Music to Sooth the Aging with Room 217

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One of the earliest groups to encourage music for palliative care was the foundation,  Room 217.  Initially, I believe it began to provide comfort to the dying, especially last stages.  They found it very beneficial during that time since the music would help sooth and bring a peacefulness.

Extending its reach, it has now been proven to reach Alzheimer’s and dementia patients as well.   Their music is specific, slow and comforting, but they have a wide variety of tunes for dementia and for children as well.

I’ve seen it personally at Mom’s facility, though not with the music from Room 217.  The goal is to have an iPod with sturdy headphones for each resident.  The smiles that brighten their faces are a sweet surprise.  The music seems to bring instant smiles.

Since the iPods use headsets, it may help even those that are hard of hearing.  An added bonus I’ve seen is that it helps reduce the sound of others in the living area.  You can read more about the iPod here.

The benefits are broad:

  • Security
  • Relaxation
  • Comfort
  • Promotes Sleep
  • A sense of wellbeing
  • Distraction from an outburst
  • Spiritual closeness
  • Engagement, more awareness and clarity
  • Revives some memories

You can see how wonderful many of the benefits would be to an Alzheimer’s patient.  The sense of well being alone would make it worthwhile.

Room 217’s Beginning

Since it first began in 2005,  Room 217 has helped thousands find peace. The Room 217 Foundation was formed in 2008 as a not-for-profit corporation.   in 2009 it was registered as a Canadian charity. They have produced their own music in a wide variety or sounds and forms that are available to order through their website.  The music is designed to relax, the recordings made at 60 beats per minute which lines up with a heart rate.  It’s slow, not music to energize.  If you have been near a person when they are dying, you will understand the benefit of that.  Overstimulation can be upsetting and anxiety producing at that time.  It’s used in hospitals, care facilities, even day care and rehab centers, so it is clearly not only for end-of-life.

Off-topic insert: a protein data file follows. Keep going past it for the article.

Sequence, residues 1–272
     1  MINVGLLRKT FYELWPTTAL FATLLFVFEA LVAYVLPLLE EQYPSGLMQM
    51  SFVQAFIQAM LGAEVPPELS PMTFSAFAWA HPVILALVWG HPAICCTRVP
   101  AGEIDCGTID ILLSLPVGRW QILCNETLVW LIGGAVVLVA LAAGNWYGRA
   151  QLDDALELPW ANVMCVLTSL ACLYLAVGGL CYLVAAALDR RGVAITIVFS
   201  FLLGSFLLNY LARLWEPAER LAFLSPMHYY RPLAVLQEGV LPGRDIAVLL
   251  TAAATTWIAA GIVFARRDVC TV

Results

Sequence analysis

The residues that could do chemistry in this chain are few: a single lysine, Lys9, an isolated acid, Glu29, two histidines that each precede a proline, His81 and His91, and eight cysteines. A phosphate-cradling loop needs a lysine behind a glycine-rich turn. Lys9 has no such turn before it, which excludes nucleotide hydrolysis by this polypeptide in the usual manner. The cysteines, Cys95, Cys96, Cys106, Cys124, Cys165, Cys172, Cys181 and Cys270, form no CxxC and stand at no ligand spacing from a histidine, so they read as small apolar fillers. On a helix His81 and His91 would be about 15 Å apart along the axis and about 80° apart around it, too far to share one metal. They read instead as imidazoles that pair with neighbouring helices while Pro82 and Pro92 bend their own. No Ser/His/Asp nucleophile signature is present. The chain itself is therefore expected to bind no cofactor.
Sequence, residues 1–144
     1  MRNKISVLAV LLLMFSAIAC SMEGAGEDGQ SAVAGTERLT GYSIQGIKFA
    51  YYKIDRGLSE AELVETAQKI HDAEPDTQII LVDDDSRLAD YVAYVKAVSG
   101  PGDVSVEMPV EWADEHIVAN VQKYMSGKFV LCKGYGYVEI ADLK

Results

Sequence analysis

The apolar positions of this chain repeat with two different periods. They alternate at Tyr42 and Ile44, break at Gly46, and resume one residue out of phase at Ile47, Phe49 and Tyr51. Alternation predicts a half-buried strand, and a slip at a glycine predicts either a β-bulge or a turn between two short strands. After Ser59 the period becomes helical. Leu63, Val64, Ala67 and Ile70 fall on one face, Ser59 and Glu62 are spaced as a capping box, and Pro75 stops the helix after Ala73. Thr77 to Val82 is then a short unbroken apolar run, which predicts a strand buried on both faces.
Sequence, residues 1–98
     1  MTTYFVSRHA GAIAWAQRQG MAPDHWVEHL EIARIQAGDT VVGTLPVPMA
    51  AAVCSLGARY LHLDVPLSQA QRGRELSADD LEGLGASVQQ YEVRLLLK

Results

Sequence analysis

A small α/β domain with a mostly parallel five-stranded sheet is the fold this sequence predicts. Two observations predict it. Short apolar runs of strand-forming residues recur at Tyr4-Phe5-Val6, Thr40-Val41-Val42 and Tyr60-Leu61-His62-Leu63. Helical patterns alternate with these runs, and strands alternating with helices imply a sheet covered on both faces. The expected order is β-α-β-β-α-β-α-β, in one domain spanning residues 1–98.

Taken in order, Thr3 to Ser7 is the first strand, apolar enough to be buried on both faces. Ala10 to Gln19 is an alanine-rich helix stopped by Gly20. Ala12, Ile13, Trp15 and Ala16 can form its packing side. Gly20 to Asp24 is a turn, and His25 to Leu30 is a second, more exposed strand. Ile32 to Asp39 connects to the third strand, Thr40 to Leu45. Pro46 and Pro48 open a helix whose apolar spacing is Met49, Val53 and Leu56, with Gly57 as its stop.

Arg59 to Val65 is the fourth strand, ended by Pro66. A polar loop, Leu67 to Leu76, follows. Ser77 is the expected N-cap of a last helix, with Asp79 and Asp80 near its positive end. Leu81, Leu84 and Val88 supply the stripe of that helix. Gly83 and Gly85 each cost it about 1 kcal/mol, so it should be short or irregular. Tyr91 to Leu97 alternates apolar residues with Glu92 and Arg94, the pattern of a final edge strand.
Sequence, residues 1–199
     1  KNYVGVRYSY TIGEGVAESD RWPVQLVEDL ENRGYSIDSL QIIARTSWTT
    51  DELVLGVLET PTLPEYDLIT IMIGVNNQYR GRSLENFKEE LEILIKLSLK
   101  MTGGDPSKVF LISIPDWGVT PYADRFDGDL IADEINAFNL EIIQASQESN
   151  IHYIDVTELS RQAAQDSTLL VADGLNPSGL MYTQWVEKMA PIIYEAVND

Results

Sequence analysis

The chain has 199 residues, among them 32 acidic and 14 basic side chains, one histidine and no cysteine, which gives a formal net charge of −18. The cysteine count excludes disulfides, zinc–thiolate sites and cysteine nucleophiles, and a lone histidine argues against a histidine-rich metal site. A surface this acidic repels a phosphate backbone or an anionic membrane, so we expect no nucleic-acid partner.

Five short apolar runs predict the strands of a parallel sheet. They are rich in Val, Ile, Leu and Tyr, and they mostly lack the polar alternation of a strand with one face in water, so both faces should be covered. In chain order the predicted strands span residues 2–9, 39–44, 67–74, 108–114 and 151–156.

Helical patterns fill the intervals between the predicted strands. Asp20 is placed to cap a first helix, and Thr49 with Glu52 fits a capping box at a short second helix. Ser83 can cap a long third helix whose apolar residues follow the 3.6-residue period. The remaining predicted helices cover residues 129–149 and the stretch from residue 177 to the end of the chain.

Want to donate?

Foundation is one group that caught on to music therapy early on and has taken it to so many other settings.  If you are interested in learning more, or helping in any way, you can find them here:

I have to share this video once again.  It’s so inspiring to watch this man. You can see the value of music clearly when you see his reaction.

I urge you to watch the brief video below to see just how much effect music can have on someone with Alzheimer’s.  After seeing that, it becomes clear how many different situations music might be used on others as well.


Merry Citarella, often writing as Merrci, writes on a wide range of topics. Recently relocated to the Oregon Coast in the northwest United States, she frequently writes travel features on the beautiful Pacific Northwest. She specializes in health and aging, Alzheimer’s Disease, food, lifestyle, and book reviews. For more information you can see her on The Writers’Door. You can read more articles here or at her websites Mystery Suspense Reviews .

Author: Merry Citarella

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